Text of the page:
There is a sense of suppressed trauma that impacts her ability to mother. The son tries to reach out to her and is unable to connect. Her perceptions and behaviour are inexplicable. When she views her son interacting with Lemon, she can’t grasp the ease they demonstrate.
I was in shock. I had never heard my son like this before. I had simply thought he was a morose child, because morose was how he always was with me. I had never seen this side of him, this laughing chattiness, the non-stop outpouring of everything going on in his life, the pleasure he took from his accomplishments, such as they were. And I felt hurt. Really hurt. Wounded to the core just listening to how natural and happy he could be with a virtual stranger, when I had been trying for nearly five years to have a relationship with him and had come up against brick after brick after brick.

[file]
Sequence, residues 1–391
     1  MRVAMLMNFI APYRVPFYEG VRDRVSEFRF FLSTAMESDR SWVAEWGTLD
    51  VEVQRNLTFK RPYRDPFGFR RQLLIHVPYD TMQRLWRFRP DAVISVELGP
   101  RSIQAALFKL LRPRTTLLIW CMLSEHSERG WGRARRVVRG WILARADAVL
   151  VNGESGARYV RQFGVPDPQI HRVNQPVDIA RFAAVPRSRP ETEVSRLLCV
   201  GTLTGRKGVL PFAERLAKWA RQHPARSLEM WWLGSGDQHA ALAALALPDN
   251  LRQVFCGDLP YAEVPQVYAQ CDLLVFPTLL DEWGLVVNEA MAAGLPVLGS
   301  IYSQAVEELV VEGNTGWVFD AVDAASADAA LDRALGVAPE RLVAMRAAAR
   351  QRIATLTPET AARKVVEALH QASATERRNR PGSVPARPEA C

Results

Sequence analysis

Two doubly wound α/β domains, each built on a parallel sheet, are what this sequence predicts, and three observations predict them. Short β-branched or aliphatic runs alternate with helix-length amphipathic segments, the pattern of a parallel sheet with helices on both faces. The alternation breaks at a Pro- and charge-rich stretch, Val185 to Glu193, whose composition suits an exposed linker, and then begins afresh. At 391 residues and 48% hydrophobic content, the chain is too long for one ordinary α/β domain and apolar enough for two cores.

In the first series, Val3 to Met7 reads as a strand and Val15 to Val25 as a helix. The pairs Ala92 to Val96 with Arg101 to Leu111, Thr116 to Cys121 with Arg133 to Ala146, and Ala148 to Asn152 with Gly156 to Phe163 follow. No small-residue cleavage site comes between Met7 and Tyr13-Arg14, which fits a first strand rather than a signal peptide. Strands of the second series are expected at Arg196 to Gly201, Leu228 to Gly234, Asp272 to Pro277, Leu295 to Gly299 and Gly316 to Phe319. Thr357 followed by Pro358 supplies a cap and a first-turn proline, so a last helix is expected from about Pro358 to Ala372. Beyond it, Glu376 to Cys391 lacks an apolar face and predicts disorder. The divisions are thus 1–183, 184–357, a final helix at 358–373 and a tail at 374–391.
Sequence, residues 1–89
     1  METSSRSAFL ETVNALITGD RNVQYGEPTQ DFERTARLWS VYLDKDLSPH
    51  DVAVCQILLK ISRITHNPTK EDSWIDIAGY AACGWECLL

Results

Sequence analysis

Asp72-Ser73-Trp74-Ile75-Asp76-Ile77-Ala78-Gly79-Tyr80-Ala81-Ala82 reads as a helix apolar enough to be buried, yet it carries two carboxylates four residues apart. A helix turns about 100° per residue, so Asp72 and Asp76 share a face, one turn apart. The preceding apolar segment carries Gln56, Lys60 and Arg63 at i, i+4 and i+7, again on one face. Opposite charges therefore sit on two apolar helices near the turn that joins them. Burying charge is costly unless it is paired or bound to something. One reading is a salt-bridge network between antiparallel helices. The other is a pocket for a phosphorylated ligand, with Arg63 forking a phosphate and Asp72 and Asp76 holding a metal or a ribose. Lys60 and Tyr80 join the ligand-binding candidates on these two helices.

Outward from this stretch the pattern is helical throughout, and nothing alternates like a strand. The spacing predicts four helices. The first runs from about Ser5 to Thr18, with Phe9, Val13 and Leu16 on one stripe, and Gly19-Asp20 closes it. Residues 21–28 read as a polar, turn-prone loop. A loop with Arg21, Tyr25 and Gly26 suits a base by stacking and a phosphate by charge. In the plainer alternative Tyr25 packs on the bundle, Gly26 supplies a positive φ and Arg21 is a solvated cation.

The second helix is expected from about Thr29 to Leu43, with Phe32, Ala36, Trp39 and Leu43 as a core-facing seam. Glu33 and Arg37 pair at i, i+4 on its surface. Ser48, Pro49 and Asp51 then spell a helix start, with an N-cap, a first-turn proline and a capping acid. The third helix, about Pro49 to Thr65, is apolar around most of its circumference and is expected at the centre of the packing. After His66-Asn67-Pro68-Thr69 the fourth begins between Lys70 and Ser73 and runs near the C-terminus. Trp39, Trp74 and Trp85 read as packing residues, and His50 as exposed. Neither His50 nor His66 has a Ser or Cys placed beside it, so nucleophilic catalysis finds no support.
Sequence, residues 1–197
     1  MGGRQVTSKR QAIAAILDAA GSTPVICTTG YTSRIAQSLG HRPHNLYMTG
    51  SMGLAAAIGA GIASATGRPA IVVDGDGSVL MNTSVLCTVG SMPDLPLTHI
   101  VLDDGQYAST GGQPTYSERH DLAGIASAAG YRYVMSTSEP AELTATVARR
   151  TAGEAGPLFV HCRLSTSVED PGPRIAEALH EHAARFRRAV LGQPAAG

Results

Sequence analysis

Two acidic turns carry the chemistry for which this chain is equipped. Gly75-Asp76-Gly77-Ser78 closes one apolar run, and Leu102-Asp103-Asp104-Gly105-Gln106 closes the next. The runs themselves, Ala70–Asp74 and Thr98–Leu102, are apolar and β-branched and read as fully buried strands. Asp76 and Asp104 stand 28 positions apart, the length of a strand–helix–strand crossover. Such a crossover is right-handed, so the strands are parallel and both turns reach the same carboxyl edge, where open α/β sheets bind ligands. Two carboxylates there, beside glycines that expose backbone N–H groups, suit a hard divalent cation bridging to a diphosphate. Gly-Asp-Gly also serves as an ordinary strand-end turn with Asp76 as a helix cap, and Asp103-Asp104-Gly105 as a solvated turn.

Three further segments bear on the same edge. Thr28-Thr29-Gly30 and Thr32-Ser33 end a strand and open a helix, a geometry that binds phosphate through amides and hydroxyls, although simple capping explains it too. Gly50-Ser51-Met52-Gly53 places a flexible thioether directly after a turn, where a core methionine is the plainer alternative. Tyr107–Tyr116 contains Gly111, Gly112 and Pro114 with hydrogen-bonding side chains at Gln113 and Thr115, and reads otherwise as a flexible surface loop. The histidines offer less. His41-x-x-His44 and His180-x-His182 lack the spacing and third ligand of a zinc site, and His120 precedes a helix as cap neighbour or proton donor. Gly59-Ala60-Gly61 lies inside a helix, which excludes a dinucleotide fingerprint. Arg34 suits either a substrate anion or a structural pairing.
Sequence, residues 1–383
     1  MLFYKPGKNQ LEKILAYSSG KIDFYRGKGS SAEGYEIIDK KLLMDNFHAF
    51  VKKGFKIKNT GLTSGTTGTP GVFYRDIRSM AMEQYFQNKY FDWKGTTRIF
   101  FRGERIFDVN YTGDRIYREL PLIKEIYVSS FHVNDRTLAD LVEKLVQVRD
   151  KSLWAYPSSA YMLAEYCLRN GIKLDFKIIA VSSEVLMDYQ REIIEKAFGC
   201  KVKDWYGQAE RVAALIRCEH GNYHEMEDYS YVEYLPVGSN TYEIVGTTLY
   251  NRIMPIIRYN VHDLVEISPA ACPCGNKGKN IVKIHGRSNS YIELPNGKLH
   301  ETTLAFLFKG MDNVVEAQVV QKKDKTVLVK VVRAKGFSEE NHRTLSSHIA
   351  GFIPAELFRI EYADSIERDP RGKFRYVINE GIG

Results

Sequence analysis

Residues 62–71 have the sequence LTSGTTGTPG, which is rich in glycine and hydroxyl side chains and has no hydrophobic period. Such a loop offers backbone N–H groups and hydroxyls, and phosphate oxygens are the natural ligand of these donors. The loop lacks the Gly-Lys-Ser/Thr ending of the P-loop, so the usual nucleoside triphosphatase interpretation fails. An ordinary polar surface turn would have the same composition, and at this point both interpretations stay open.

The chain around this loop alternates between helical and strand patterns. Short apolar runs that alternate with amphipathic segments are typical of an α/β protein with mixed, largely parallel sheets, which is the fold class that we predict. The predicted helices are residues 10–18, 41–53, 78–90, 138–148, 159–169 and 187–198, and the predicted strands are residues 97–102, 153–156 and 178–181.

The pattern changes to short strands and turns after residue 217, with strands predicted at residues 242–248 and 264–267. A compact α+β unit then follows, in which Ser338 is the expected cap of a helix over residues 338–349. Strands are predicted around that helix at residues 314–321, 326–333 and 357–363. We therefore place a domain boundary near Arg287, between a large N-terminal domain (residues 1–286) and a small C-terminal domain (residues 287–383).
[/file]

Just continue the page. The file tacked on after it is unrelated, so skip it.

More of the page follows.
Throughout the course of the weekend, we learn about the lives of Jinx and her mother, widowed at a young age having married a much older man.
The one thing my mother always said about Mr Jackson was that he was a decent man, that he took proper care of things, including this mortgage-free house that he left to her, which she then left to me when I was sixteen and she was dead. Decent enough to ask no more of her than that she occupy it and dedicate her life to raising me, forsaking all other men till I had grown up. ‘Grown up’ she interpreted to mean when I was sixteen. It was ironic that I actually had grown up then. Sixteen and overnight my childhood was over.
Will We Ever Understand Domestic Violence?
We learn about the beginning of her mum’s relationship with Berris. Of his moving in and taking over, Jinx’s growing resentment and jealousy. His volatile nature and her mother’s acceptance of it, of those coats he gives her as apologies.